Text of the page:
All too soon the holidays were upon me this year. So much to do, so little time! With all the craziness of working on the renovations for our new house, the focus was on getting my retirement kitchen up and running in time for Thanksgiving, Hanukkah and Christmas. The kids were coming home and the annual holiday cookie baking had to get done.
Things moved along quickly for a while. Cabinets arrived and were installed. New appliances were purchased. Then, a few weeks of waiting for the counter tops. Next came the floor that we decided to install ourselves. (Note: It’s much harder to install a hardwood floor than you might expect, and it takes three times longer than planned!) The Saturday before Christmas, the tile backsplash was put up. What a long process, but what a great relief to have a kitchen again!
I am very lucky to have two amazing daughters, four “shared” international daughters (one from Japan, two from China, and one from Italy—all exchange students who have lived with us for varying times over the years), a gaggle of nieces, and a few nephews. There was a lot of girl-power happening this holiday season. Sisters, daughters, nieces, sisters-in-law, and aunts were all in and around the new kitchen making cookies, cranberries and countless other traditional goodies. The best part of all was the conversation.
One of the improvements we made in the new kitchen was to make the counter some 13 feet long providing plenty of working area on both sides. It makes for a wonderful space for many of us to work together, make multiple dishes at the same time, and talk for hours. With all of the nieces grown up now (the youngest is a freshman in college), the conversations were wide-ranging and so interesting. Everything from the polar winds in the upper Midwest to the drought in California, from college courses and crazy professors to how often to change the oil in the car. These girls are amazing and informed and so articulate. It was inevitable that at some point in the midst of chopping and frosting and stirring that we stumbled onto the topic of money and retirement. The girls were hungry for financial information, often just to make sure they are doing things right. We touched on a few key financial flapjacks during the afternoon:
- Setting up a budget is critical. It is fascinating how the girls are dealing with their own money. Now that they all have some sort of paying job they are handling their own money. Turns out, they are all cheap! They hate to spend their hard-earned cash, and love coming home to mom and dad’s well-stocked kitchen that is “free”. We helped the girls set up budgets and it’s great to see how far they have taken them. They are using spreadsheets and online tools, and they are keeping up with their budgets, entering and updating them every week or so. It is important to see where the money is going (one spends too much eating out; another spends too much at the farmer’s market!) and how they are doing with their savings for emergency funds and for bigger ticket items like ski trips and more travel.
- An emergency fund is not an investment. A question came up about how to “invest” your emergency fund. My older daughter had been in a car accident and totaled her car (everyone was fine). She chimed in how important it was to have an emergency fund, and to build it early. That was a good move because she needed to use her fund to buy a new car and to pay for registration, plates, tags, and insurance. We talked about how emergency money needed to be completely liquid – – and that means cash. It needs to be readily accessible so it can be tapped in a moment’s notice. When you are in the throes of a major situation, you simply need the cash. Emergency funds are not investment dollars.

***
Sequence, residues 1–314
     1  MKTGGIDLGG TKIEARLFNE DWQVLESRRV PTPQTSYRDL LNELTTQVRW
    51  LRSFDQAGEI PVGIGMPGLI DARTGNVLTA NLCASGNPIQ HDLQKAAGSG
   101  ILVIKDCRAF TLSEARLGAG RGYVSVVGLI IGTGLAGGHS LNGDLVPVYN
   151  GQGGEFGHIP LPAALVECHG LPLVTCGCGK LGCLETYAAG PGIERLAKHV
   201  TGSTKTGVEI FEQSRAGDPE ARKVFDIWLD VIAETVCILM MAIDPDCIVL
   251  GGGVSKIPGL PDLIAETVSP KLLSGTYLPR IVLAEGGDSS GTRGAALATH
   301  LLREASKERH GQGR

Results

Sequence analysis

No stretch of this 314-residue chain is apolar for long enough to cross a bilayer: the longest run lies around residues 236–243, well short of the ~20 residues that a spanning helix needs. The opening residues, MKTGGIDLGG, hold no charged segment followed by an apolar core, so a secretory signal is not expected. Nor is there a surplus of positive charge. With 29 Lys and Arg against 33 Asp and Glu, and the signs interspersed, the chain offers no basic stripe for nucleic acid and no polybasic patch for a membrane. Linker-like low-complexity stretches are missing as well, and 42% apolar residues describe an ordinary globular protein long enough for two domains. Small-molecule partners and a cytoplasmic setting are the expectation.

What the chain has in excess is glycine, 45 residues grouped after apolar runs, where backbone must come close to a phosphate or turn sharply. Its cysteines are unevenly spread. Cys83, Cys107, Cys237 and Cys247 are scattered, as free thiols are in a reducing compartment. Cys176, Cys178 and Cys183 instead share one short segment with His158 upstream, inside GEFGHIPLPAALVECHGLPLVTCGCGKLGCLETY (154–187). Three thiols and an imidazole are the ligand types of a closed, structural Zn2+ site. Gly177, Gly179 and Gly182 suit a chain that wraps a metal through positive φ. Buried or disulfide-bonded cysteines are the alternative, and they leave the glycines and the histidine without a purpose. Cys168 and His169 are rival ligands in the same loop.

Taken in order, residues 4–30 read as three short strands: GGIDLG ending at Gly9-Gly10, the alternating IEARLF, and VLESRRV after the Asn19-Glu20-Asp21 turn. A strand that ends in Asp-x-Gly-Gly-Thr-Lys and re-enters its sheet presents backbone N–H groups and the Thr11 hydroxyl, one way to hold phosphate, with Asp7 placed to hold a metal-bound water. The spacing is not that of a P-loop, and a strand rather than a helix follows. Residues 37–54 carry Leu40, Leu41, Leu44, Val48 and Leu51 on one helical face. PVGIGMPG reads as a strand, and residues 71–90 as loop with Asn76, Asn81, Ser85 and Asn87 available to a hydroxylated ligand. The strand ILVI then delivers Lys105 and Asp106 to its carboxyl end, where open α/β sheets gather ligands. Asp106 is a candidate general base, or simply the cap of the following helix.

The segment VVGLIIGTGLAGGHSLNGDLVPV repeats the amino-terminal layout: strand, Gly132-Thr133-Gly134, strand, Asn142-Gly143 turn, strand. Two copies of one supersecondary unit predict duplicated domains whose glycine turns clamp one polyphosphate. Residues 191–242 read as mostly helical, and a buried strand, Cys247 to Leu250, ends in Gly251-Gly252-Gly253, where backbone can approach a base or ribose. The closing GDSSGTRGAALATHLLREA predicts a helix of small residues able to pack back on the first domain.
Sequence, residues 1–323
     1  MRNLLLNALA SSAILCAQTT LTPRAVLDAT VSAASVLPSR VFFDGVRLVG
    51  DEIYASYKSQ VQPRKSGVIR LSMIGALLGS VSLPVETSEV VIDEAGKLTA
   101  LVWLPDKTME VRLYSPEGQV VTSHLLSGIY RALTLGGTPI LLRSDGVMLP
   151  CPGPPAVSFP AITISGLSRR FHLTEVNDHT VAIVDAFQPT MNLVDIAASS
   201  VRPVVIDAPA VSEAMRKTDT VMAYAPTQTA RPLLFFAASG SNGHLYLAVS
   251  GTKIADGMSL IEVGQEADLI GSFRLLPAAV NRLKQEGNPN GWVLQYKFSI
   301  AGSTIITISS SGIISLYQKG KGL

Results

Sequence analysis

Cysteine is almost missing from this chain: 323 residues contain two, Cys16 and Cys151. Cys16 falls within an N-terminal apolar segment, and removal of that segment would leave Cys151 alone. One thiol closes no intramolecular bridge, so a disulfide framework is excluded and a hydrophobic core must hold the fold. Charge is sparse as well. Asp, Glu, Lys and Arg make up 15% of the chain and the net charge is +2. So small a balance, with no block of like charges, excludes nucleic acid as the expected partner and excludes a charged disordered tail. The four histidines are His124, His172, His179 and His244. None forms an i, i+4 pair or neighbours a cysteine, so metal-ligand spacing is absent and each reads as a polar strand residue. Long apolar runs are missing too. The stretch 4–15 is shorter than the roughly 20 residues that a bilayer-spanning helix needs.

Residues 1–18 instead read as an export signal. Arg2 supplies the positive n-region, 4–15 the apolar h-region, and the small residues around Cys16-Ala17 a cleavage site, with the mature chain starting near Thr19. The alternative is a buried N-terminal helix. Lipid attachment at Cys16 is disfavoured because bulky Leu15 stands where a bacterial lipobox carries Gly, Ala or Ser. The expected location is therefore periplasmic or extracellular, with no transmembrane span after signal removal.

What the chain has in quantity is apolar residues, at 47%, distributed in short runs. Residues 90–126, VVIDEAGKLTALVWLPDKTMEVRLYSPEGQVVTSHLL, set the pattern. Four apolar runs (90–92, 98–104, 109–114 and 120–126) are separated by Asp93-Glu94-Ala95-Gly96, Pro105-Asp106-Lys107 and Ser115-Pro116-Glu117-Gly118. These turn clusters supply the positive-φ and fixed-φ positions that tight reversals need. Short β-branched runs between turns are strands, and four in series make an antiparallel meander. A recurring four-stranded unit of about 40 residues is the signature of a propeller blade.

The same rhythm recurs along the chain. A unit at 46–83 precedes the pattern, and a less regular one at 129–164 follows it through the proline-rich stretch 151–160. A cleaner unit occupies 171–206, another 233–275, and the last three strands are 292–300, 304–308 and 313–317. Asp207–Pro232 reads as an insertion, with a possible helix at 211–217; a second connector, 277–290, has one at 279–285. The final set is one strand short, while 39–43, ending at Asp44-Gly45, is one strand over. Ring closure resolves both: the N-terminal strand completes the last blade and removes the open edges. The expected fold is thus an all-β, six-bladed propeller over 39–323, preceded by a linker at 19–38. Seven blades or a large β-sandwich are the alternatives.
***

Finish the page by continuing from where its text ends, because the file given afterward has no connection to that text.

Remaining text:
- Save for retirement in your 20s. From there, we were on to retirement savings. These are dollars that should be invested for the long-term. Two of the girls are participating in 401(k) plans at work. We talked about how important your 20’s are to building a mountain of retirement dough which is why it’s important to get started from the very first job, especially when you can take advantage of a company match. Since my younger daughter had a paid internship last summer she could save in an IRA. In fact, all the girls could contribute to IRAs, saving up to $5,500 toward retirement. They were shocked! “You mean, we have to use $5,500 of our own money and put it in an IRA?” For the “cheapsters” that was too much to comprehend! But, they are getting a clear message that it is a must-do to save for retirement and own and control their financial assets. Right now, most of them need to direct their dollars toward tuition payments or loan payments. But, they understand how important it will be to take advantage of any employer retirement savings plans when the opportunity comes along.
All in all, this was a wonderful occasion to talk about money while having a great time together. The girls are interested, enthusiastic, and engaged. It’s delightful that they are frugal and watching every penny. When a strong financial foundation is laid, it makes for a good start in cooking up a secure financial future. When we were done talking money, all the attention turned to the new kitten that was walking on the table. And, to sneaking a few more cookies before dinner. The best conversations really do happen in the retirement kitchen!
- Here are a few resources about talking to your kids (and their friends) about money:
- A really neat website by the CPAs of America includes links to financial tips and topics for talking to kids of all ages about money. You can find great information with this resource.
- There are any number of books about raising financially responsible kids. One review caught my eye and might be something to explore.
- What happens if you have amassed a lot of wealth? Do your kids know? This site offers pointers about how to talk to your kids when you are wealthy.